The aim of practical equine rehabilitation in horses is to reduce pain, improve movement and help restore normal musculoskeletal function. It includes rehabilitating injuries to tendons, ligaments, bones, joints, muscles and nervous system. It not only focuses on injuries but also helping recovery from surgery, managing chronic conditions such as osteoarthritis, maximising performance and reducing the risk of re-injury. Appropriate treatment is often a team approach and consultation with veterinarians and physiotherapist experienced in equine rehabilitation is recommended. An accurate diagnosis and measurable assessment parameters to monitor the response to treatment are really important. Rehabilitation is an emerging field in animals and the benefits of the individual modalities is often based on human research and lacks scientific based evidence to support its benefit in horses. More research is needed in horses, especially on the appropriate treatment regimens and effects. This review will give an overview of the common modalities available to horses.

Lameness examination – when things get complicated | Alec Jorgensen | 2.30pm

Rehabilitation programmes for recovery to performance level after soft tissue limb injuries | Kylie Huxford | 4pm
An effective and safe rehabilitation programme requires a team approach between veterinarians, physiotherapists, rehabilitation centres, owners, trainers and farriers. Everyone must be on the same page for it to be successful. Confinement and controlled exercise are critical components of soft tissue rehabilitation to prevent further injury, enhance tissue healing and decrease the risk of re-injury. Other important aspects are addressing pain, proprioception, flexibility, strength and endurance to allow horses to return to their prior levels of use and competition. Programmes should be based on the different phases of tissue healing and an accurate diagnosis of injury type, location, severity and chronicity. There should be measurable assessment parameters and regular monitoring to allow them to be adapted depending on how well the tissue is healing. It is important to have clear goals, along with realistic expectations. Rehabilitation programmes are timely and can vary greatly in cost and should be adapted to individual horse and owner needs.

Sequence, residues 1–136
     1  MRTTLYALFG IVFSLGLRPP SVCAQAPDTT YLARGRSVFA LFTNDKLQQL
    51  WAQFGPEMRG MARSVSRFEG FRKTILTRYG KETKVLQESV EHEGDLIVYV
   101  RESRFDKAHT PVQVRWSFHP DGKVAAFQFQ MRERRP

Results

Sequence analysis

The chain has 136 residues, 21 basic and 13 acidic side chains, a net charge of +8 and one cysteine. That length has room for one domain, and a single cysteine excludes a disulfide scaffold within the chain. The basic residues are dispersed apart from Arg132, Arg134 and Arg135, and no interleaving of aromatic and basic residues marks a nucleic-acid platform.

Contentious issues in sports horse pre-purchase examination | Alec Jorgensen | 4.40pm